After decades of watching people, I can share an obvious secret with you.
People don’t work to learn another language because it exposes us to our ignorance. It’s not because they’re lazy. They are nervous or scared. If you find someone who doesn’t fear their ignorance being on display as it diminishes, keep that person in your life. They are rare. All of us start from complete ignorance for every language. When we already know one before starting a new one, what we think we know trips us like an endless bucket of banana peels.
If you are lucky enough to speak English as a first language, trust me when I tell you that you won the lottery without purchasing a ticket. Please do everything in your power to forgive others as they struggle with the mess we’ve made of our language. Please take a second and consider that they’re using another language. I know that the necessity of needing to speak or write another language ADDS pressure to those in that position and adds difficulty. Whether it is the case for you, I’m an idiot if a proverbial gun is to my head.
Also, if your accent is remotely like mine, you might sound a bit weird. As the old joke says, the last thing you want to hear your brain surgeon say is, “Y’all are going to be alright.” I’ve butchered so many words that I should have a Dexter spinoff. One thing some don’t know about me, though, is that language is a melody that excites me, and when I find myself forgetting what once was at my disposal, I feel a bit of loss.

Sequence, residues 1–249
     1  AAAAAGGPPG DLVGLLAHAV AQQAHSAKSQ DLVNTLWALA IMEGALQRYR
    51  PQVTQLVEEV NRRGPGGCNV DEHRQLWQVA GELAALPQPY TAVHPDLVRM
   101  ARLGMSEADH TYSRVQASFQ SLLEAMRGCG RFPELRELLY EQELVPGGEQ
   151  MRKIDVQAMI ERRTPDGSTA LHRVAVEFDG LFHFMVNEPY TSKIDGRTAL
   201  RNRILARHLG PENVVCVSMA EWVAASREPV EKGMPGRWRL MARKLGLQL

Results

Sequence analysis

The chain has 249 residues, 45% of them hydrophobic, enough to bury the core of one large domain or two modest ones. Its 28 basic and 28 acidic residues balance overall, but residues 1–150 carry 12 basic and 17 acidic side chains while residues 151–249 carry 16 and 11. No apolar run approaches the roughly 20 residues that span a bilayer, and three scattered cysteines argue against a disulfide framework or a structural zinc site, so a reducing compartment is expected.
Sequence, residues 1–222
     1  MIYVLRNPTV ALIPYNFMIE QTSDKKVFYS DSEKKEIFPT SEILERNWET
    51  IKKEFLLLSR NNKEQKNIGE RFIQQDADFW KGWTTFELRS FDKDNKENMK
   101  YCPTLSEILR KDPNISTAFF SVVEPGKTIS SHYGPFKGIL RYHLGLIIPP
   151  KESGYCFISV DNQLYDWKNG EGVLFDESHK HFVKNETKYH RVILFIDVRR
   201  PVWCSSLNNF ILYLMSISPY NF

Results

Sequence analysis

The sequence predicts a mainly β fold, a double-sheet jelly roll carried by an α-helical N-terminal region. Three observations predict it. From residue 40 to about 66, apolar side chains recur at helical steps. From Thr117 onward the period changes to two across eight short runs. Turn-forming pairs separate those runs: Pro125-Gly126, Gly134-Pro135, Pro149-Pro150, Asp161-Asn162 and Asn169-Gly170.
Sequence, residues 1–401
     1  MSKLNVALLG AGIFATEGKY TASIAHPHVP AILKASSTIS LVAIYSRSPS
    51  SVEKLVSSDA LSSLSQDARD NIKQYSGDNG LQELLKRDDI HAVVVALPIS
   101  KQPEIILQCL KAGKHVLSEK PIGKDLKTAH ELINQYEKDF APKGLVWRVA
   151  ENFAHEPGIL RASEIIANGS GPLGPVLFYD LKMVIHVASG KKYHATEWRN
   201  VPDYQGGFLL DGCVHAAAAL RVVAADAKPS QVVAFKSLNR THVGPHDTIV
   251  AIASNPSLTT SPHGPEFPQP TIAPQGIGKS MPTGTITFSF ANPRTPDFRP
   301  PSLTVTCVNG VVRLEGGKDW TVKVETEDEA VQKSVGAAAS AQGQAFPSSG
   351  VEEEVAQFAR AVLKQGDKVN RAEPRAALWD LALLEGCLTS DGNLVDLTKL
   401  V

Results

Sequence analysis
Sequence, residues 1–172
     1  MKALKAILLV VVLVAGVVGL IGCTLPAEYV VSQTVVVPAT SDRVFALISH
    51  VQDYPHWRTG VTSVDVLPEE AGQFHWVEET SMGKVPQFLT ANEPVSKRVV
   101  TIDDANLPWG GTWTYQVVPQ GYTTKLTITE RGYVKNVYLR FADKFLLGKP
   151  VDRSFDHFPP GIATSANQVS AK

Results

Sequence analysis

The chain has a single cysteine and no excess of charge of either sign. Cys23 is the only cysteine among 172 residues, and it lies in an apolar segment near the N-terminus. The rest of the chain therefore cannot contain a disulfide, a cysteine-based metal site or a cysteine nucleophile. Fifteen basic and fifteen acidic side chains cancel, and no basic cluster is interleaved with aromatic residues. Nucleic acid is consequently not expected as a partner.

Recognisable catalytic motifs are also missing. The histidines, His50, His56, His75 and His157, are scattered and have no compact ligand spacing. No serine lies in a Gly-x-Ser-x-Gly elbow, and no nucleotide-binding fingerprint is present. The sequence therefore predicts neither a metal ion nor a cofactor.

For language, all any reasonable person is going to ask is that you try. It helps to be able to laugh at yourself. People learning other languages is a joy to witness. There’s no better comparison than observing a child conquer something complex; mastery soon seems inevitable. Laughter and self-observance is a considerable part of a good learning plan.
Yes, people don’t take the time, that’s true. With a couple of other people before, I proved to them that a person could learn a LOT of another language by just learning one word a day. Like all learning, words begin to associate, stick to another, and create grooves in your brain that you might even realize have formed, in the same way lyrics fall surprisingly from your lips. You’ll soon learn phrases, insults, and wit. Anyone lucky enough to hit the milestone of laughing at a joke that isn’t directly translatable experiences a deep satisfaction at having done so. For me, I will never forget the abstract joy of telling my Sarge/Lieutenant On the Edge of The Prairie joke in Spanish.
Most of us only use around 800 different words a day. I’m not talking about Tiffany or Jessica, who seems to rattle off 800 a minute. They only use four different words, and two of them are both the word “like.” Sorry, Tiffany.
Truthfully, it is not the words per se that create difficulty for us. It’s the connecting words and the ridiculous verb tenses we allow in our language. If you can overcome your initial fear, you can communicate a lot of information using words as a toddler does. You don’t need the word “sublime” in your vocabulary during a typical day – nor do you need to master the future perfect tense, subjunctive or otherwise, in either English or the language you are learning.
I know there are people out there who have always toyed with the idea of another language. If you learn nothing else from me, please hear this: if I can get to a decent level of mastery, anyone can. Even if you only remember a few words, those few words will push your mind outside of its normal limits.